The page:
Political change comes slowly, and it’s rare to achieve a strong enough consensus to actually effect a favorable outcome. Perhaps it’s just wishful thinking on a subject I’ve spent the last five years writing about, but there is every indication that we may be nearing that point of consensus on one of the greatest job killers in America: Occupational licensure.
Eleven states have joined a coalition to tackle licensing reform, and it seems like every day there are more articles in the mainstream press pointing out the harm that results from restricting entry into the labor force. This comes on the heels of a White House report and numerous third-party studies pointing out the problems with occupational licensure and containing suggestions for ways to reform the practice. Having to ask permission from the government to earn a living seems like an obviously un-American idea, but it is only recently that people have actually started to think about this practice as oppressive and cronyist, instead of as a protective public safety measure.
This is because advocates of occupational licensing always point to the most extreme examples — surgeons and structural engineers — where a lack of competence can cost lives, but frequently keep silent on the many occupations that can easily be done by unlicensed amateurs with minimal risk to consumers.
Why does a florist need a government-issued license? Why does an interior decorator need one? As one article points out, why does a casket maker in Louisiana need a license, including onerous apprenticeship requirements, to construct and sell a pine box?
Of course, the answer is obvious. Licenses for these fields serve no appreciable public safety function. Their only purpose, aside from raking in cash for the government, is to restrict entry into occupations, so that those already engaged in the business face less competition from would-be rivals. Making it time-consuming and costly to become a florist, for example, benefits those people who already are florists, or those with the resources to easily comply with the requirements.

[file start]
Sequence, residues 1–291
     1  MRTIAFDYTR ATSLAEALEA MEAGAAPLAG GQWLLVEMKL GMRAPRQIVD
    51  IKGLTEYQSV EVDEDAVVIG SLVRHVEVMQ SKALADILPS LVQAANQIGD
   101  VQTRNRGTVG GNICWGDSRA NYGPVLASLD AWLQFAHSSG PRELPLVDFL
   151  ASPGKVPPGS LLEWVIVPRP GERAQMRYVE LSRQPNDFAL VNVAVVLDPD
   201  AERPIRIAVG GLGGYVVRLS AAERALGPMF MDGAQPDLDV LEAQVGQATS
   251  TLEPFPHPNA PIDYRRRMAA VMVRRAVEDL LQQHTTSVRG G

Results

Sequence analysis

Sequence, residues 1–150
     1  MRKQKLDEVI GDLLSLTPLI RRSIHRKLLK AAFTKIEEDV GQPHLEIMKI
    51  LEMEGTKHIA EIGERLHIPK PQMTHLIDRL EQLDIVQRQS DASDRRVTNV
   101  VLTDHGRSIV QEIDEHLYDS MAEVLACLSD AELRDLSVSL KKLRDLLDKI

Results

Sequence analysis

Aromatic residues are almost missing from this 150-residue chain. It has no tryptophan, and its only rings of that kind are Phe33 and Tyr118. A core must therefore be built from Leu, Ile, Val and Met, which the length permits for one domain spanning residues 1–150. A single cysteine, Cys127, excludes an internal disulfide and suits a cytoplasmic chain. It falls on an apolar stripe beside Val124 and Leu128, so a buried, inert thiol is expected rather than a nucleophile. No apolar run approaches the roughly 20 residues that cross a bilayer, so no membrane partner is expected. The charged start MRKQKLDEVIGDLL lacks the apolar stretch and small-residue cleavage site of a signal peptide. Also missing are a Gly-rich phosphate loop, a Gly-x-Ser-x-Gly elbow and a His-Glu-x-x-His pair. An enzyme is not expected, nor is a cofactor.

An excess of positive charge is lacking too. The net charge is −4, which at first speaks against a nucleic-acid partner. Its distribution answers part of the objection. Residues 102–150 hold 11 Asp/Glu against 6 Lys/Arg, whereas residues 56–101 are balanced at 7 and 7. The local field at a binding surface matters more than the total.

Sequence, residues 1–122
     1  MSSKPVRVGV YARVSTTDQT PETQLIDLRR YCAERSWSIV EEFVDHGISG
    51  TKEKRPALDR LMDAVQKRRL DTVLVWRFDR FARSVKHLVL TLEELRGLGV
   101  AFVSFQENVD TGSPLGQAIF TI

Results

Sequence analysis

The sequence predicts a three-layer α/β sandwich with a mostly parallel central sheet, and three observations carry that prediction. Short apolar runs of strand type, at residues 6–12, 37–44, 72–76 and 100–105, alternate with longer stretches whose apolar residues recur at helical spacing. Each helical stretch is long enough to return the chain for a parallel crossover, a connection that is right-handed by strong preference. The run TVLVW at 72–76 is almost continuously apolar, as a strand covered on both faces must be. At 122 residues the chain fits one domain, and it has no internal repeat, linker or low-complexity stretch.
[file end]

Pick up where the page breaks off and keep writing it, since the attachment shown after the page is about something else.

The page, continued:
Incumbents benefit, but who loses? Well, all of us, really. You might think that licensing requirements create a guaranteed minimum standard of service, so that consumers are protected from incompetence, but I’m sure we’ve all dealt with plenty of businesses that hold the required certification and yet still fail to meet even the most basic standard of quality.
In reality, the presence of occupational licenses actually hurts consumers, by reducing their options and by allowing incumbents to keep prices higher. But while you may not feel too much sympathy for the customer who has to pay an extra 50 cents for roses, consider the workers who are hurt as well.
Imposing strict requirements to enter a profession means that those on the bottom rung of the economic ladder, those with the least education and the least money, are boxed out. There might be many people with an eye for interior design, but no ability to complete the required training. These people will instead be forced into lower-paid jobs less adapted to their skills or interests and with less opportunity for advancement. Worse still, they might be forced into unemployment and onto welfare.
A common example of this is the market for African hair braiding. It’s a hairstyle that is in demand all over the country and has the benefit of offering good employment to immigrants who don’t speak good English and who lack other marketable skills. In short, it’s a great way for young women to make a living in an otherwise hostile world. Yet states like New York, where the style is most fashionable, require a costly hairdresser’s license to perform this service, including schooling and exams that are given in English. Needless to say, this requirement curtails opportunity for people who are already struggling to find their place in society.
Arkansas, Colorado, Connecticut, Delaware, Illinois, Indiana, Kentucky, Maryland, Nevada, Utah, and Wisconsin are all currently examining their licensing laws with the aim of loosening regulations to help workers. Optimism in the world of public policy is usually misguided, but at the very least, increased interest in this issue will shine a light on how the government goes out of its way to keep people down, rather than allow them to rise to the level of their potential.